‘To stop this mutha takes one bad brutha’
Blackenstein, also known as Black Frankenstein, is a 1973 American blaxploitation horror feature film directed by William A. Levey (Wham! Bam! Thank You, Spaceman!; Hellgate) from a screenplay written by producer Frank R. Saletri (director of the unfinished Black the Ripper in 1975).
The film was an attempt to cash-in on the success of Blacula, released the previous year by American International Pictures (AIP). However, Blackenstein fared poorly at the box office in comparison to its predecessor.
Blackenstein was released on Blu-ray and DVD on May 30, 2017, by Severin Films. The theatrical cut (78 minutes) and the video release version (87 minutes) are included.
- Monster Kid – Interview with June Kirk, sister of writer/producer Frank R. Saletri
- Bill Created Blackenstein – Interview with creature designer Bill Munns
- Actors/filmmakers Ken Osborne & Robert Dix remember Frank R. Saletri
- Archive news broadcast on the murder of Frank R. Saletri
- Theatrical trailer
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- John Hart – Welcome to Arrow Beach; The Centerfold Girls; The Astral Factor
- Ivory Stone
- Andrea King – Red Planet Mars; House of the Black Death
- Liz Renay – Desperate Living; Corpse Grinders 2; Mark of the Astro-Zombies
- Roosevelt Jackson
- Joe DeSue
- Nick Bolin –The Devil’s Daughter
- Cardella Di Milo
- James Cousar
- Marva Farmer
When her boyfriend Eddie Turner (Joe DeSue) returns from Vietnam without arms and legs, Dr Winifred Walker (Ivory Stone) appeals to former teacher and Nobel Prize-winning Dr Stein (John Hart) for help — and Dr Stein, who has been fiddling with DNA, accommodates them by growing some new arms and legs.
Unfortunately, the experiment goes awry, and Eddie suddenly develops a square afro, takes to wearing ankle boots, and sneaks out at night…
Appearing at the peak of the Blaxploitation boom, Blackenstein is one of a handful of horror entries into the genre, sitting alongside Blacula and Dr Black and Mr Hyde. It’s an uncomfortable positioning though, because the title aside, this has few of the tropes of the genre, and is actually a curiously old-fashioned monster movie that just happens to have a few black leads – it’s closer in spirit (though hardly in execution) to the Frankenstein imitations of the 1940s, with added gore.
Dr Stein (John Hart) is carrying out pioneering experiments in limb grafting, using laser beam fusion and a DNA solution, and so when new assistant Winifred (Ivory Stone) tells him about her fiancé Eddie, who last lost his arms and legs in Vietnam, the doctor is only too happy to help. All goes well until Stein’s other assistant Malcolmb (that’s how they spell it on the credits!) falls in love with Winifred and tampers with the DNA fluid in order to get his rival out of the way. Soon, Eddie has devolved into a cannibalistic caveman with a Neanderthal brow and afro-topped square head. Escaping during the night, he goes on a rampage of limb tearing, managing to off 1960s stripper Liz Renay (who is in the film for less than five minutes, despite her high-billing) amongst others.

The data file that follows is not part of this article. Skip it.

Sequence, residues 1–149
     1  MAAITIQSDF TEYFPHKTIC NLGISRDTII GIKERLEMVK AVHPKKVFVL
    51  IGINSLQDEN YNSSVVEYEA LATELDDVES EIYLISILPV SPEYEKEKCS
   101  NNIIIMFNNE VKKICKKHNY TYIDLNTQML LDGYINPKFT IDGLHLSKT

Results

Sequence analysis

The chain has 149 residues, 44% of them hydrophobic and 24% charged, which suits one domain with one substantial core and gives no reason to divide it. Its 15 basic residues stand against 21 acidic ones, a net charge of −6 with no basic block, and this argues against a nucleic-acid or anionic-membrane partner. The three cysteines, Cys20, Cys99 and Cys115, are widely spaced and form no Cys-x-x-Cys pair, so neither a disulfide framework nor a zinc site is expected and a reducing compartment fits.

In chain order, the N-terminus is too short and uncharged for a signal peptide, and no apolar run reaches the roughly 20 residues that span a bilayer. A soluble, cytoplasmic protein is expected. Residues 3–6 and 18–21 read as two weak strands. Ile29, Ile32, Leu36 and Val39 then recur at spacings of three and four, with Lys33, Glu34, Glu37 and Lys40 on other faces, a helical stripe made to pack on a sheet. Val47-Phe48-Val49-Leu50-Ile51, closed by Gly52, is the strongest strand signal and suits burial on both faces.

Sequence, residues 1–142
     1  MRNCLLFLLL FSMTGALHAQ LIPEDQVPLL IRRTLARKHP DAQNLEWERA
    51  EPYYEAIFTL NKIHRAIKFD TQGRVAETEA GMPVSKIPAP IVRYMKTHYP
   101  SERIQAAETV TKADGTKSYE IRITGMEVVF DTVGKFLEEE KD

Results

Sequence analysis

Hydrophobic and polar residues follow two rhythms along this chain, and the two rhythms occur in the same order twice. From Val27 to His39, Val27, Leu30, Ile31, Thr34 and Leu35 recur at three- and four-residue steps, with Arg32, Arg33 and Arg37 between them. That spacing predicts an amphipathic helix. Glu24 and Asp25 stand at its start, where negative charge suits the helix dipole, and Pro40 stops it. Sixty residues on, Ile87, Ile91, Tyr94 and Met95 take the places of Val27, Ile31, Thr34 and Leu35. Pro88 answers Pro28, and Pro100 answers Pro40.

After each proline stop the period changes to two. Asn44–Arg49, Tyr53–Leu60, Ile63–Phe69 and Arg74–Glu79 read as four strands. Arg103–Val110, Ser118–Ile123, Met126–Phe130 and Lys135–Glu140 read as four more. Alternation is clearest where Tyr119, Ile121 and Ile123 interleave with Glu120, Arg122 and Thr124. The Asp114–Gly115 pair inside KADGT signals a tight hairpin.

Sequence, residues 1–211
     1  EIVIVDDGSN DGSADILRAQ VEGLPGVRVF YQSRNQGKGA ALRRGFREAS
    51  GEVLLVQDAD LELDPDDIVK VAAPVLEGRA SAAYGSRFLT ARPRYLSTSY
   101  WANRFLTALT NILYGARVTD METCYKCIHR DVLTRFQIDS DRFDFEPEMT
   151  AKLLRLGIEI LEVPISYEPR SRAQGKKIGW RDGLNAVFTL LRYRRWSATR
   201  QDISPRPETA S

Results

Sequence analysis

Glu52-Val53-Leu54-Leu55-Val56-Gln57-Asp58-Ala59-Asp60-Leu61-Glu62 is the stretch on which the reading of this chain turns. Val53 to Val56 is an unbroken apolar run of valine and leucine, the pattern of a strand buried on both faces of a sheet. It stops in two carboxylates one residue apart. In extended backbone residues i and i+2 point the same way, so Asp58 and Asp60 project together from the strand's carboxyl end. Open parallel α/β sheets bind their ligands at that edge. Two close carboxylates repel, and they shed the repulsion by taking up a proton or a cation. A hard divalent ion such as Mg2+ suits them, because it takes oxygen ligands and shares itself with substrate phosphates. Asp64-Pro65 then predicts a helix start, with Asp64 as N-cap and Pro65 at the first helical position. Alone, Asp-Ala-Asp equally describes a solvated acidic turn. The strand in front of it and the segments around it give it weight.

An uneasy mix of styles – 1930’s Frankenstein lab action one minute, H.G. Lewis-style gore close-ups and gratuitous nudity the next – Blackenstein is probably near the bottom of the Blaxploitation barrel, badly acted, flatly directed by William A. Levey and slow-moving.
Yet, it’s much more entertaining than the bigger budget Blacula, having a quaintness and odd charm that somehow pulls it through despite all the faults. You can’t help but feel that the film – produced by lawyer and life-long horror fan Frank R. Saletri, who’s unsolved gangland murder a decade later would probably make a much more intriguing film premise than this – has its heart in the right place, even if it isn’t quite up to the job artistically. And that has to count for something, right?
David Flint, MOVIES and MANIA
“For all its suckitude, Blackenstein delivers a bit of T&A and some surprisingly explicit gore, with intestine-ripping scenes years before the likes of Dawn of the Dead (I’m not saying that it’s well-done, but it’s there).” BlackHorrorMovies
“Tiresome, dim-witted, unsure of what it wants to be (there is a scene in a nightclub where we witness a comedian and a blues singer perform their entire routines), Blackenstein fails miserably even as kitsch. A missed opportunity.” Josiah Howard, Blaxploitation Cinema
“Is Blackenstein the worst movie ever made? Well, it’s certainly in the running. Is it the worst of the blaxploitation/horror movies? I certainly hope so. Otherwise, there’s one that’s worse out there waiting for me, and there are simply some things Man Was Not Meant To Know.” The Bad Movie Report
“Pacing is too slow and acting too lethargic to make this a camp classic, but it’s extremely entertaining. The transformation takes several stages, giving us several buzz-spark-flicker lab scenes. Apparently, the lab features some of the same equipment as the 1930s original … A few women, including our heroine, are topless for a few moments.” David Elroy Goldweber, Claws & Saucers
“The Blackenstein monster’s rampage, despite the limits of the horror genre and the story this film is trying to tell, can be seen as ‘sticking it to the Man’ who literally created him. So perhaps it’s not inappropriate to have Doctor Stein as a white man.” Mikel J Koven, Blaxploitation Films
Image credits: Serious Jacksonville Horror